Eric Young Foundation

A tropical paradise, the orchid enthusiast’s Mecca, a renowned hub of orchid study and archival artefacts, a lead centre for pioneering hybridisation, call it what you will, but the Eric Young Orchid Foundation can certainly justify any of the above plaudits and is well worth a visit by seasoned orchidists and newcomers alike. Eric Young moved to Jersey from Derbyshire in the 1950’s and enjoyed considerable success as a local entrepreneur and philanthropist, amassing a considerable fortune before his death in 1992. An initial interest as an orchid hobbyist gradually evolved through stages of collector and nursery owner to a commitment to create a permanent tribute to the world of orchids and their cultivation. Eric spent liberally on his orchid collection and took pains to acquire some of the choicest clones available, thus bequeathing to the Foundation we see today some of the finest breeding stock in the world and a vibrant programme of continuous improvement through hybridisation. Alas, with his death in 1992, Eric did not survive long enough to see the shape of his final project.

It was a warm and sunny Thursday early last September when I finally achieved a long cherished objective to visit the Jersey Orchid Centre. Following a chance conversation in 2006, Colette and Dominique Barthelemy of la Canopée had suggested a joint visit and, after some initial misgivings, the logistics worked out perfectly. I took the fast ferry from Weymouth and the Barthelemys took a day return on the fast ferry from St Malo. Rendezvous 09.00 St Helier harbour! An appointment was pre-arranged with the Foundation curator, Chris Purver for 13.00. Time for some very light refreshments in St Helier (only very limited choice at the Foundation itself) and a slow bus ride out to Victoria Village. Jersey has a well appointed, cheap and friendly bus network and though you can hire a car, bus travel is recommended. Even if the timing of the ideal route is not exactly right, there is sure to be another adjacent service which does the trick with just an extra 500m of legwork. As the bus trundles slowly through the St Helier suburbs, names and destination plates loom right and left, evoking a cast list from many an orchid catalogue : Fort Regent, Gorey Castle, Bouley Bay, Longueville, Tour de Rozel, les Augrès, Trinité, etc each conjuring up in the mind’s eye a notable BOC prize-winner.

Upon arrival we took some time to visit the exhibition conservatory at our leisure, feasting on the sumptuous displays of species and hybrids for a memorable photographic record. The main exhibition area underwent significant enlargement in 2002 and now soars skyward like a veritable cathedral with boughs of cork encased scaffolding festooned with species Oncidium, Dendrobium, Coelogyne, Encyclia and Laelia. Unlike many other notable glasshouse collections, you really do feel here that the plants have staked their claim, and are truly colonising in their particular micro-climates. Beds and alcoves below are richly planted with hybrids of almost every genus – Odontoglossum, Phragmipedium, Cattleya, Lycaste, Pleurothallids, Cymbidiums and of course the Phalaenopsis. These displays are continually changed according to season, assuring there is always something to see. (And here in September, we were supposed to be visiting during the low season for flowers!) A minimum temperature of 16-17 Deg C is maintained by conventional oil fired system using large diameter concealed pipes and floors are sprayed each morning to achieve required humidity levels. Ventilation fans are roof based and primarily used to push the heat back downwards in winter. As Chris later so correctly commented – here lie the advantages of being able to house your orchids in a large growing area. Plenty of natural air movement, and climatic conditions which change relatively slowly. The Roof shading is computer controlled with a varying combination of Aluminium strips. The major problem for the Jersey centre is being able to control excessive heat and light in some unpredictable summers, especially for the Odontoglossums, Pleurothallids and Phragmipediums.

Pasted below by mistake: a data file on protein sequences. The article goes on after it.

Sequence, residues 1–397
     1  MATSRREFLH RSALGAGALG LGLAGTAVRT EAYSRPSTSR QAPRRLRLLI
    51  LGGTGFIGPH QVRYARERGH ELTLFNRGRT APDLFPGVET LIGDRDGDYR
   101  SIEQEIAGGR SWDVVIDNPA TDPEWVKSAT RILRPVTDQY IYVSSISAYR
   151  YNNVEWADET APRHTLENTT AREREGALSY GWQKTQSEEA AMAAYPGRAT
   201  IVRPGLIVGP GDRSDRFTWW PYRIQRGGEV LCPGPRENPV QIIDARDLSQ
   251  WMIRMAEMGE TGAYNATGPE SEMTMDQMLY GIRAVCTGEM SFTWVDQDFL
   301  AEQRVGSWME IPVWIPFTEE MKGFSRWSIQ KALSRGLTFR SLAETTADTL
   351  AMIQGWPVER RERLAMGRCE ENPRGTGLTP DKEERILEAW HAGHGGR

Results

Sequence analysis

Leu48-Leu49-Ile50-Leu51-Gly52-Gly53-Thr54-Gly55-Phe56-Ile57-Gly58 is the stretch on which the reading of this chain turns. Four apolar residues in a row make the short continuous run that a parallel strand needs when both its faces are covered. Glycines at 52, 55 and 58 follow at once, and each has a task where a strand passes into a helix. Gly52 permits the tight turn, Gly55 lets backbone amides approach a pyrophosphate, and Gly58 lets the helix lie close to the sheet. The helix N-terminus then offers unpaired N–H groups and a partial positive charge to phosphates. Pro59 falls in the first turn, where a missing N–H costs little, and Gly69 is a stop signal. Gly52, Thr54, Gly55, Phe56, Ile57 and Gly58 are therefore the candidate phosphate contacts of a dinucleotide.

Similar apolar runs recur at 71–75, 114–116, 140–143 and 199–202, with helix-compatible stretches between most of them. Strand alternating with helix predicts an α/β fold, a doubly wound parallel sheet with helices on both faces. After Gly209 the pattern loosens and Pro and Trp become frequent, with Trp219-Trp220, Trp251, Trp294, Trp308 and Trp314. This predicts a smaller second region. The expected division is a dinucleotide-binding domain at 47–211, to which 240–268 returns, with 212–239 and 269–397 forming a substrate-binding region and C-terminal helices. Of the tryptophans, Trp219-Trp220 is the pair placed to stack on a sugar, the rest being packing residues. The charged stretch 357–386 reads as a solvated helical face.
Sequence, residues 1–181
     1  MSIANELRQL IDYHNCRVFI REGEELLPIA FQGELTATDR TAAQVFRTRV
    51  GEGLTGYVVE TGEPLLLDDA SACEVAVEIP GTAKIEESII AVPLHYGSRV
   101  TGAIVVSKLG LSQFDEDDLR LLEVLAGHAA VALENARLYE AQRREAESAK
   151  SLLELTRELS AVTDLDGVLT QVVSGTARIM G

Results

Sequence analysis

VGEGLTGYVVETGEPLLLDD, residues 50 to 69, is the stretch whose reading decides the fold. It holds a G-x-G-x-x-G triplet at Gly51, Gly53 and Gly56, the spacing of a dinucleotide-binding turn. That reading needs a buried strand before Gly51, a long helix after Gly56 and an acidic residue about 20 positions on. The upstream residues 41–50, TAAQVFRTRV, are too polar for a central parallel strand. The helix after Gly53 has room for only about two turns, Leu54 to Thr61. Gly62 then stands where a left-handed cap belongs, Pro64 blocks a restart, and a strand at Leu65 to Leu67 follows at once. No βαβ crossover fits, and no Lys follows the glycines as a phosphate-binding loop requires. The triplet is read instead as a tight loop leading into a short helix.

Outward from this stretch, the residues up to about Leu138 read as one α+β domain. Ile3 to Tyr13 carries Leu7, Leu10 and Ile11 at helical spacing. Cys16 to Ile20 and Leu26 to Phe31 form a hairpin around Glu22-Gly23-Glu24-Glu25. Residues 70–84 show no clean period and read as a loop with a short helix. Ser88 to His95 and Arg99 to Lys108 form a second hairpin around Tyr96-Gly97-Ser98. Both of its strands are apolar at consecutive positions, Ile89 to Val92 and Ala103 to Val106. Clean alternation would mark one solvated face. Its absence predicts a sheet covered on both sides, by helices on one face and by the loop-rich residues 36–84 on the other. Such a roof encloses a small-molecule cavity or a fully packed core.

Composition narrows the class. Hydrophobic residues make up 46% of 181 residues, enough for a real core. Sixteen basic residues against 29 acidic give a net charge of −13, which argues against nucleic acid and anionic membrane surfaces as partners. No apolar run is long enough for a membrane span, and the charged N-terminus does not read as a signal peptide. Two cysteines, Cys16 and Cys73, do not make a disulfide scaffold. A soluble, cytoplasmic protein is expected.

As your gaze wanders from the exhibition conservatory across the walkway to the 8 adjoining growing houses, it becomes increasingly difficult to believe that the entire establishment is managed by just 8-10 people, of which only 4-5 are regularly working with the plants themselves. The sap rises, the appetite whetted and you are instinctively enticed towards the Growing houses, a veritable Aladdin’s cave. This area is not routinely open to the General Public, so prior appointment is essential should you wish to look behind the scenes. The 8 houses comprise 2 warm houses (Phalaenopsis, Cattleya, Calanthe plus warmer growing Paphiopedilums ), 2 specific Cymbidium Houses, 1 cool house ( for Odontoglossum, Lycaste etc) and 3 further houses spanning the various subtleties of the Intermediate family, amongst these a magnificent showing of Phragmipediums. In the Cool house, there is a superb range of Odontoglossum hybrids, one of the early specialities of Eric Young but waning in popularity in recent years in favour of the warmer tolerant intergenerics. Banks of ventilation fans and an under bench fogging system are a pre-requisite for maintaining cool humid conditions and avoidance of some local water quality issues. Tastes change and the orchid world is no exception. The Foundation must to an extent inevitably mirror the mood of the market with a transition from species to hybrids in the 60’s to 80’s and reverting back to species and intergenerics in more recent times. The Foundation is equipped with its own compact laboratory and here all the new crosses, the life-blood of the future are raised in banks of flasks under sodium lamps. The emphasis here is on propagation from seed with minimal meristem activity, which is limited to the occasional rescue of a virus infected stock plant. A good tip from Chris for those embarking on raising plants from flasks: Always de-flask in the spring when there is optimum natural light to encourage rapid growth.